I was about three miles from home when I glanced back and saw that my jacket had worked its way out of the pack straps and disappeared. I had not imagined it could escape, the way I had it bound in there. It must have worked loose in the wind on the long descent on 28. I stood up to accelerate homeward so I could get the car and go back to search. As I did so, a spoke snapped in the rear wheel, causing it instantly to wobble hard into the brake pads. Even after I opened the brakes it dragged.
I called home. "Bring me a pair of sneakers and come in the station wagon," I requested. When the cellist arrived she was in the station wagon but had missed the part about sneakers. I haven't put my car shoes in the vehicle yet.
The cellist drove on toward town. We scanned the roadside and saw nothing, nothing, nothing. It had not blown off on the long downhill or any of the shorter ones. We reached the point where I'd entered the highway from the path. This was just about the worst scenario.
I'd already removed my cleated shoes. I pulled off my socks and stuffed them into my pocket. I told the cellist where to meet me and started barefoot down the path.
I'd actually been wanting to try barefoot running since one of the local athletes did some research on it a while ago. He's always trying to improve his workouts, and impact from running has been a problem. The barefoot crowd says that taking your shoes off immediately changes your running style to eliminate heel strike.
It most certainly does.
It did not hurt as much as I expected. Running was actually a little more comfortable than walking because it was easier to land on the ball of the foot in a running tempo than walking. I remembered barefoot rituals as a kid, when we would toughen our feet in the spring for a summer of shoeless wandering. It started to get to me after a while, though. I wondered if I would have big, nasty blisters or bleeding abrasions. And I still didn't see the jacket.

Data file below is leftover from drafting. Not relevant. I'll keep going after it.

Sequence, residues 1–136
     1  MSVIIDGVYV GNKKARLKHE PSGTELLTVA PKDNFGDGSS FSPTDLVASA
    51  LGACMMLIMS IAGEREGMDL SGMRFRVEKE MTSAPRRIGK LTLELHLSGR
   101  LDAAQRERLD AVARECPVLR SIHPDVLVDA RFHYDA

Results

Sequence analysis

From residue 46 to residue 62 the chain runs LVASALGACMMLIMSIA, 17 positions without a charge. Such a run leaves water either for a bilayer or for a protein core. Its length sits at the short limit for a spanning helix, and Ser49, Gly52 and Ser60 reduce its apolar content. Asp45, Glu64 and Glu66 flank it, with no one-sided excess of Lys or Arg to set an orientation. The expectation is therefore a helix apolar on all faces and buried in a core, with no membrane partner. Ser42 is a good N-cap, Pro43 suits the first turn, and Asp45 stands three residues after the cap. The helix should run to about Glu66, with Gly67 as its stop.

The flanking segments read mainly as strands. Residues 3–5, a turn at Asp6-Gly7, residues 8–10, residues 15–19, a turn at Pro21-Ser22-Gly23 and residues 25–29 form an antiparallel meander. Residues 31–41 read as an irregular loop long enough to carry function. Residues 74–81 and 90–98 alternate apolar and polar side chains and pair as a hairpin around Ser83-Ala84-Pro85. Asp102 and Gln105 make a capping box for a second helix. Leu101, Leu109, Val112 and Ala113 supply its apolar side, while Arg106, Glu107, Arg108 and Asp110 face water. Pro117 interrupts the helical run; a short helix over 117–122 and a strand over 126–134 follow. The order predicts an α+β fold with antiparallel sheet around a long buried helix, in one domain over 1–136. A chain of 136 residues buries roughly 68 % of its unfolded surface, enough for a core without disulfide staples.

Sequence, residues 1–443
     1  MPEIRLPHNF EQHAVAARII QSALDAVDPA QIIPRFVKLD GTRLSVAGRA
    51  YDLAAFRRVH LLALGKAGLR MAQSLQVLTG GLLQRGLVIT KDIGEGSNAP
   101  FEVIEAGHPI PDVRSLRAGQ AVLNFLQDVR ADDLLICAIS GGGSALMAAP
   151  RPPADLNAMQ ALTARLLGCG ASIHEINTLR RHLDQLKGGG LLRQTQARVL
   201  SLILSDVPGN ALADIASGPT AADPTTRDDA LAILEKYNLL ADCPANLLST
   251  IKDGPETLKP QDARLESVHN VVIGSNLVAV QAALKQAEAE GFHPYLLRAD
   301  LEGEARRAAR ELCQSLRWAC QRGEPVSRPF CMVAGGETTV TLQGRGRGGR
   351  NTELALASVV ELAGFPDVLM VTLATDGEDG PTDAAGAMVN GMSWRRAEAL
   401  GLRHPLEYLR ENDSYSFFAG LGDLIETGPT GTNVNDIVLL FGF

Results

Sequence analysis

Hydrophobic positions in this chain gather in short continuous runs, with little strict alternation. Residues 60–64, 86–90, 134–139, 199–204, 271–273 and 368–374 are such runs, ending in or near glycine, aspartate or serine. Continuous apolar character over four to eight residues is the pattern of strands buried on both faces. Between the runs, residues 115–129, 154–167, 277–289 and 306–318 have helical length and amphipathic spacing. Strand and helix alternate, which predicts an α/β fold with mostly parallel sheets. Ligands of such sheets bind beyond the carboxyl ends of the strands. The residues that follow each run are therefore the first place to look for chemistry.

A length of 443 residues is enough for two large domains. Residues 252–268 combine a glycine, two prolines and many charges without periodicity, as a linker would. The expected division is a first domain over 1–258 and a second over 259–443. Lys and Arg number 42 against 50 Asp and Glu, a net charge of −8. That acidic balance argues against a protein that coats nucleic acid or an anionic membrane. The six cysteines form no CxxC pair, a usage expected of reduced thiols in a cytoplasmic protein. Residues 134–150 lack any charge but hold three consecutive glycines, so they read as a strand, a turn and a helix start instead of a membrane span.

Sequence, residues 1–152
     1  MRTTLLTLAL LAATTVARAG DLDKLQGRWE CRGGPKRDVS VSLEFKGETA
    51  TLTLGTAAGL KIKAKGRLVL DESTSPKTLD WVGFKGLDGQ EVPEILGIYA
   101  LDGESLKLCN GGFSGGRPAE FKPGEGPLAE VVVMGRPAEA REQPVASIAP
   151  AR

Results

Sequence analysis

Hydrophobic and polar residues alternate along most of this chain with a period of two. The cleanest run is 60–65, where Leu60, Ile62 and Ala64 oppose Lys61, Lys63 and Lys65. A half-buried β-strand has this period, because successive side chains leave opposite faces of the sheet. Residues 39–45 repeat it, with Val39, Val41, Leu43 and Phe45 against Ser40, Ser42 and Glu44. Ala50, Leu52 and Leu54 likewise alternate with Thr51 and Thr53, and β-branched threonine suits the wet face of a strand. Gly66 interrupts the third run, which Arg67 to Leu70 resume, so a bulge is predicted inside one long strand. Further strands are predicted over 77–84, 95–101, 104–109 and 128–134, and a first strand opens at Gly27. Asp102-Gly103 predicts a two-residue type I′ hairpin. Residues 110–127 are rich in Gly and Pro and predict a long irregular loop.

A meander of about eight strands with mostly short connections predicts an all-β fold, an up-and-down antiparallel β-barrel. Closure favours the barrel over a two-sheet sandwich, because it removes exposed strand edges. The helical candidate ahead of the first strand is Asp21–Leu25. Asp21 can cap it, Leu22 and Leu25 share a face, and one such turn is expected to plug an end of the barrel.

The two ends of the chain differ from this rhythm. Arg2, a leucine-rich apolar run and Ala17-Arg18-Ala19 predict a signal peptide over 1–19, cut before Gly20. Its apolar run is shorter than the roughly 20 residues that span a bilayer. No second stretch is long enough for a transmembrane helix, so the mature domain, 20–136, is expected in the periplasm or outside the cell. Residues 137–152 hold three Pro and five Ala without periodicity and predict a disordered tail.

About a mile down the path I saw the welcome blob of yellow where my jacket lay at the end of the rumbly section. Beyond that I saw the cellist. She'd been none too happy with this rescue mission but she had volunteered by driving on out Elm Street rather than taking herself home and releasing me to my own foolishness. She told me to go dip my glowing feet in the cold waters of Crescent Lake while she went to where she'd left the car at a farther intersection with the path.
As I numbed my feet in the lake I thought I should go for a quick swim to make it a full triathlon, even if the events were out of order, but decided not to bother.
At home the first thing I did was put on socks and shoes. I really like shoes. I stuck the bike in the work stand just to assess the wheel and set up the repair for later, but I ended up fixing it instead. Then I went upstairs to degrime and have supper.
It was the first time I had had much in the way of bad luck on a Friday the 13th. Crap doesn't know what day it is. Eventually it will arrive on a day some people consider significant. I just hope my commuting wheel hasn't decided to start popping spokes. That's another dynamite argument in favor of the generator hub instead of a tire-driven one, certainly.
Saturday's half-commute went fine. Here's to better luck next week.